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Cuckoo (4)

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The Cuckoo (4)

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The Cuckoo (4)

O, it's night after night, love, I do lay on my bed,
With the feathery pillows all under my head;
Neither sleeping nor waking, no nor worse (rest?) can I find,
But the thought of that young man, he still troubles my mind.

Now, I will rise then and meet him as the evening draws nigh;
I will meet him in the evening, as the evening draws nigh ;
And if you think you love a iittle girl, your mind for to ease,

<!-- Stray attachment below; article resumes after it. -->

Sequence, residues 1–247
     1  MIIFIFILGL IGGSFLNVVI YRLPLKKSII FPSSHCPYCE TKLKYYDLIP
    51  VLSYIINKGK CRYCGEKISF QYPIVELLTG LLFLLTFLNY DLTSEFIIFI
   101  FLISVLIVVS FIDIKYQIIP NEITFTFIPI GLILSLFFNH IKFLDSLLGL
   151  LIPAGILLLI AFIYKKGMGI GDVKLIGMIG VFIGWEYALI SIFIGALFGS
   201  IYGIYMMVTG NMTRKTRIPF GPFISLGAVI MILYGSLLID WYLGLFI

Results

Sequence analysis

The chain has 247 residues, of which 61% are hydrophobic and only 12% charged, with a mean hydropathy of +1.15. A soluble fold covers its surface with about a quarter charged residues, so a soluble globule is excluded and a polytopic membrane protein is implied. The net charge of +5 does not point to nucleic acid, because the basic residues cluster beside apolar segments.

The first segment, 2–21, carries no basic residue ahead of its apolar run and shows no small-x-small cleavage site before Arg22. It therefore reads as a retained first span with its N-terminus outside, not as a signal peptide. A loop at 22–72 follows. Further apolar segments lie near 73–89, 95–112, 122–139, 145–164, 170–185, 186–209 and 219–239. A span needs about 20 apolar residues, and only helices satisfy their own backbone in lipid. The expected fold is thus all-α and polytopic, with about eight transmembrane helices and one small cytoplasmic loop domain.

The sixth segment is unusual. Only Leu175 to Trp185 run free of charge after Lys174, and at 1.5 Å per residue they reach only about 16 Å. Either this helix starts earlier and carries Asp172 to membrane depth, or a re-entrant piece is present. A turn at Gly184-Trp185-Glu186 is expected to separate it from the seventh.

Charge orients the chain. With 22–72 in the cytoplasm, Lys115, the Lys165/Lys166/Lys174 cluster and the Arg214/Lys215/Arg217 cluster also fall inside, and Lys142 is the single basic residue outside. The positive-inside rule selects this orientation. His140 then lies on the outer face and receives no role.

O, can't you love the old one, till the young one came on (can please?)

It's like the flowers all in your garden when the beauty's all gone
Can't you see what I'm come to by a-loving that one?
Now, the grave he will rot you, he will rot you all away,
Not one young man out of twenty can a young maiden trust.

Now, I'll take my week's wages, to the alehouse I'II go,
O, and there I'll set drinking till my money's all gone;
Here's my wife and little family at home, starving too,
And me in this alehouse, a-spending all that I earn.

Now, the cuckoo, she's called a merry bird, for she sings as she flies,
O, she brings us good tidings and she tells we no lies;
She sucks all small birds' eggs for to keep her voice clear,
And every time she hollers "cuckoo!" , don't the summer draw nigh?

From Travellers' Songs, MacColl & Seeger
Collected from Caroline Hughes
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E-Book - An Annotated Compendium of Old Time American Songs by James Alverson III